Wednesday, March 16, 2011

New to Me Wednesday: Peggy Shumaker

In my continuing effort to share a poet each week that is "new to me," I bring you this week's new-to-me poet, Peggy Shumaker.

The poem "Night Dive" came to my attention for the first time recently via Ted Kooser's page, American Life in Poetry. Shumaker lives in Alaska, and that certainly is evident in many of her poems. Like this one for example:

"Night Dive"

Plankton rise toward the full moon
spread thin on Wakaya’s surface.
Manta rays’ great curls of jaw
scoop backward somersaults of ocean
in through painted caves of their mouths, out
through sliced gills. Red sea fans
pulse. The leopard shark
lounges on a smooth ramp of sand,
skin jeweled with small hangers-on.
Pyramid fish point the way to the surface.

Read the rest here.

I think there is a richness to her language and her word choice that is beyond anything I've read recently. Each image is vivid in my mind. Each setting is exquisitely described. As in "The Story of Light..."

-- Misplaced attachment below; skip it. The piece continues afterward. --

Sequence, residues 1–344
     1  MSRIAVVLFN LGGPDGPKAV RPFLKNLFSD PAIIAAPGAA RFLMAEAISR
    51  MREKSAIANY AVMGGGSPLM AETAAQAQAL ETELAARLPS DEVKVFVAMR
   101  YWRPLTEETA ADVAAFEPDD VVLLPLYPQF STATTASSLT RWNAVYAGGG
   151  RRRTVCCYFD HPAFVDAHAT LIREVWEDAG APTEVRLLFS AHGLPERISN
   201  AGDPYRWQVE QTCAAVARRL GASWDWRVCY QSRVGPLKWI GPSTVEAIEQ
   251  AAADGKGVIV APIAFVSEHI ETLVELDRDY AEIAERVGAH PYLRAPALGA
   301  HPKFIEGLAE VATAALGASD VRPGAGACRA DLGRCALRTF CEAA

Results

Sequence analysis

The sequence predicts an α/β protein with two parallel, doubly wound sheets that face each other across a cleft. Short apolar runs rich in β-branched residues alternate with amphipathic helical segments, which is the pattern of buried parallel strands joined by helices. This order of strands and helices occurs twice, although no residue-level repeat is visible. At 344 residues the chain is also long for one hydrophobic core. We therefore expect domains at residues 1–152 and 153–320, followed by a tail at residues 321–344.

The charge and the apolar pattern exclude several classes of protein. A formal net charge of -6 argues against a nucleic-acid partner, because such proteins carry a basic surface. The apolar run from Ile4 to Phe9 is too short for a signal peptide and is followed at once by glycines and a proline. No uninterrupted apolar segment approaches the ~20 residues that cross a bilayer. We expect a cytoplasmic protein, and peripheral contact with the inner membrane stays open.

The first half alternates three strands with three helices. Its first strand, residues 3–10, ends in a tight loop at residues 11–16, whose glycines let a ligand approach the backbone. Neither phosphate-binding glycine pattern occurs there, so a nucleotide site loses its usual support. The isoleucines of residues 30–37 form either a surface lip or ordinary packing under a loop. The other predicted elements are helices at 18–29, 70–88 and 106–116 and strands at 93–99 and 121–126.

Think of the woman who first touched fire
to a hollow stone filled with seal oil,
how she fiddled with fuel and flame
until blue shadows before and after her
filled her house, crowded
the underground, then
fled like sky-captains
chasing the aurora’s whale tale
green beyond the earth’s curve.

I think you see what I mean. Read the rest of the poem here.

If these two were right up your alley, you're all but certain to enjoy the litany-esque qualities of "What to Count On" (not to mention the ironic fact that it's about things you can't count on AND it has a terrific ending), or "Oatmeal" or the equally amazing "The Oldest Music."

1 comment:

  1. These are gorgeous! I esp. love:

    Soft corals unfurl rainbow polyps, thousands
    of mouths held open to night.
    Currents’ communion—giant clams
    slam shut wavy jaws,

    Thanks for introducing me to Shumaker. I love the vividness of her images.